Wednesday, June 27, 2012

Everything is Subjective

This morning I read a post by Russ Goerend that hits on a lot of issues that have been going through my mind lately and the subsequent conversations on Twitter around the topic have clarified my thinking a little bit more. The topic is data.

In Russ' post he embeds a Tweet from another educator whose logic bothers him:

To which Russ replies:
If that’s what you are without data, what are you with data? “Just” a person with an opinion and data? Just a person with data?

This led to an even more interesting thought when Russ' post was discussed on Twitter:

William didn't reply so I felt the need to butt in. This line of reasoning is what I have been thinking about lately and felt this the logical place to express this idea:

To which set off a debate on the semantics of which was opinion, the data itself or the act of collecting it which to me is not nearly as important as the fact that this all calls into question the nature of data and the value of objectivity. Continuing to think through this conversation today I came to this thought which had not occurred to me before:

Two books I have recently read (actually one I am half-way through right now) address this issue but never quite nail it down. First, in Gerald W. Bracey's (2009) Education Hell: Rhetoric vs. Reality: Transforming the Fire Consuming America's Schools Bracey discusses how data can be twisted around to make make arguments that the data itself doesn't necessarily support. One example he gives is the data that lies at the heart of the (1983) commission report, A Nation at Risk, which arguably set off much of the data-driven madness we are currently under. In that report Bracey says there was a data set consisting of 9 points (3 tests given to 3 different age groups). Of those 9 data sets all but one showed growth and improvement by students attending our school but the report only uses that one data set from that one test given to that one age group to base its claims that America's schools were in serious trouble. Here we have an opinion that is not only choosing the method of gathering data it is determining the data set upon which to focus attention. And, as so many education writers (Alfie Kohn, Diane Ravich, Herb Kohl, and Johnathan Kozol just to name a few) have pointed out, the instruments we use to collect this testing data are also flawed and reflect a cultural bias of the test makers. The data itself is boiling with bias and opinions.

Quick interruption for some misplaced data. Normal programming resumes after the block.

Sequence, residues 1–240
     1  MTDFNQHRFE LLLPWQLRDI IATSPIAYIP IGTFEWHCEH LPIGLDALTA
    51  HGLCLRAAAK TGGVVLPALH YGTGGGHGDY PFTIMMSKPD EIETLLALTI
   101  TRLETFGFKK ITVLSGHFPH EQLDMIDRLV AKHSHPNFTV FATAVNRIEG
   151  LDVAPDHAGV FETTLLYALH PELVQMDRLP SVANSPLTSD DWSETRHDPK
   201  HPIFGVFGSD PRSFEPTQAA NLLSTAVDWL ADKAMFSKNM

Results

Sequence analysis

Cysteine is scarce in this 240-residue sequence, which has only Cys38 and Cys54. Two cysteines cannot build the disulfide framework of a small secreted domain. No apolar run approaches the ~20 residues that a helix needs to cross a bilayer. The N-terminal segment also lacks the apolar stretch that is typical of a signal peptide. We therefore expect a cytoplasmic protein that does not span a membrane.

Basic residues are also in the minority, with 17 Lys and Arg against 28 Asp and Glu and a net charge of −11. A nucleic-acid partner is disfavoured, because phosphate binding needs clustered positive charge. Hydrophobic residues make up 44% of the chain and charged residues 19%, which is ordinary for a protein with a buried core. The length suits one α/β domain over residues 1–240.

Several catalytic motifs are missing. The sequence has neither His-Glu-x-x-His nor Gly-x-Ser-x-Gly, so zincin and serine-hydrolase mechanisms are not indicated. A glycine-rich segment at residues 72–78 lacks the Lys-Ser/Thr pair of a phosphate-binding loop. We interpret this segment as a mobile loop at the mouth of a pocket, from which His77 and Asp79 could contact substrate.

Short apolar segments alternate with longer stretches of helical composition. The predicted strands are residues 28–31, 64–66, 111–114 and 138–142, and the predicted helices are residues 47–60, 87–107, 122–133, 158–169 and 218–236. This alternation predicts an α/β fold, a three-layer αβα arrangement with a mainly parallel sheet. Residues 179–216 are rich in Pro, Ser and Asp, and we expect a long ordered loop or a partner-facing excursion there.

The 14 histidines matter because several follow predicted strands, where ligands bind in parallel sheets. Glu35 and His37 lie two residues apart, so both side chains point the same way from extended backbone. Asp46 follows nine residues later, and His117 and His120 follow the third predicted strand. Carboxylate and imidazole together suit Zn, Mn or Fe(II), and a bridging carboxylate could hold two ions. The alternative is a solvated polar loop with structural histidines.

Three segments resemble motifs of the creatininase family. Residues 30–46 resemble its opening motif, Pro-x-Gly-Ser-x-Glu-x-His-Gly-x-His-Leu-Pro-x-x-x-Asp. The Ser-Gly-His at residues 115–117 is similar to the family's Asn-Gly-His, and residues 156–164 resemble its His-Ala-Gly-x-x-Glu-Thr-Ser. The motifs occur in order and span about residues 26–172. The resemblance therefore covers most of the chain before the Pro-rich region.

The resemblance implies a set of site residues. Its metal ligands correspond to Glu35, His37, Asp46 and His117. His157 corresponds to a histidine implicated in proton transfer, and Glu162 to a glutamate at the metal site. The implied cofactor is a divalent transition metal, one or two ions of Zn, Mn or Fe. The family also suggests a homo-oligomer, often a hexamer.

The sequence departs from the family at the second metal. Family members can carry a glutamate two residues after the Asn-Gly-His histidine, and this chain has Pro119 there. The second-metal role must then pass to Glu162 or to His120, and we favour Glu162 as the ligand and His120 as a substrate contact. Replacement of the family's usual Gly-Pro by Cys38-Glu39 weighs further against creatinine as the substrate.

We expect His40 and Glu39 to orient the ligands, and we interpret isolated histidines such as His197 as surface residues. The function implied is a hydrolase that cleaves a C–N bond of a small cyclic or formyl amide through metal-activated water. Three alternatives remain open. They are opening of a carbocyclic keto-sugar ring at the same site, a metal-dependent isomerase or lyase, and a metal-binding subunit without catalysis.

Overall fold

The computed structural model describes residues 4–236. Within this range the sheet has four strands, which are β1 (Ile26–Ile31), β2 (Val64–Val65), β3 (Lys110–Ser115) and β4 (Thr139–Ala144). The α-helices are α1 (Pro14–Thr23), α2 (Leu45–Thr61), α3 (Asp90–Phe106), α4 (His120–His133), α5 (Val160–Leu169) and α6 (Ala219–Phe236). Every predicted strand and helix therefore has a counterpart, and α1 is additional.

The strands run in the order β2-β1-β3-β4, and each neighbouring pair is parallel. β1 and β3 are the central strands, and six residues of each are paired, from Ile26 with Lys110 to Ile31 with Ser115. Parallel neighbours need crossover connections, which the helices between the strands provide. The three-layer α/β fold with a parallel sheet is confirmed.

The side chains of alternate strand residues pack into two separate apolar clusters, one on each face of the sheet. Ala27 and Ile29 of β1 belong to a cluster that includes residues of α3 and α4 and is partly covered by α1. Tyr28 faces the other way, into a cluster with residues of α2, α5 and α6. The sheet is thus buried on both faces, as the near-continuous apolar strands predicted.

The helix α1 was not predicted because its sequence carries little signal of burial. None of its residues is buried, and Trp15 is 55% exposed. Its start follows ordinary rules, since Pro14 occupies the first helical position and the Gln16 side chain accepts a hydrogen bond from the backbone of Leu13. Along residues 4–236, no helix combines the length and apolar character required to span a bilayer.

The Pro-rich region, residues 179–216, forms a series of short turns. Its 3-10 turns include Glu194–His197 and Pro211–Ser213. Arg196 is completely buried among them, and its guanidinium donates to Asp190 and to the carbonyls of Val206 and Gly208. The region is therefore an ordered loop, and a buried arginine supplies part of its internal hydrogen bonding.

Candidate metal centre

Then, in Neil Postman's (1985) Amuzing Ourselves to Death: Public Discourse in the Age of Show Business, Postman points out that the nature of what we consider reliable data sources has changed over time. Once it was that “feeling is believing” then “saying is believing” then “seeing is believing” then “reading is believing” then “deducing is believing” and now “counting is believing.” Postman argues that it is the media driven culture that has reduced our concept of what is believable data to that which can be counted, that which can be objectified and abstracted.

So, as Postman points out, the nature of truth is flexible and as Bracey points out, there are ways to manipulate the truth. Among all this non-linear discourse on the matter was a conversation I had with Jennifer Borgioli stemming from and included in the conversation with William and Russ on Twitter. Jennifer nails the real issue with this tweet:

If you want to effect change the real issue is not how we use data. Data can be used as either a tool or a weapon but it is not the greatest source of power. Instead, we ought to be thinking about how to create new social constructs. Objectivity only exists within a context and objective measurement can only exist within that kind of frame of reference. Ultimately everything is subjective. Our collective fetish with data has caused many people great harm because it ends up being used as a weapon. Data is by nature an abstraction and when it is used to measure people it objectifies people; when people are objectified it opens them up to be exploited. The way to fight "counting is believing" is to construct a new context where something else is the arbiter of truth. What that looks like and how we get there I am not completely sure.

Reading is Believing:

Feeling is Believing:

Counting is Believing:

Never Tell Me the Odds!

Deducing is Believing:

Seeing is Believing:

That's no moon. It's a space station

Saying is Believing:


William Chamberlain said...

I still believe the war for data comes from distrust of teachers. We all have people whose opinions we trust (to the point of causing us to change our thoughts or actions.) Many no longer put teachers in that category. Data is what others use to replace trust.

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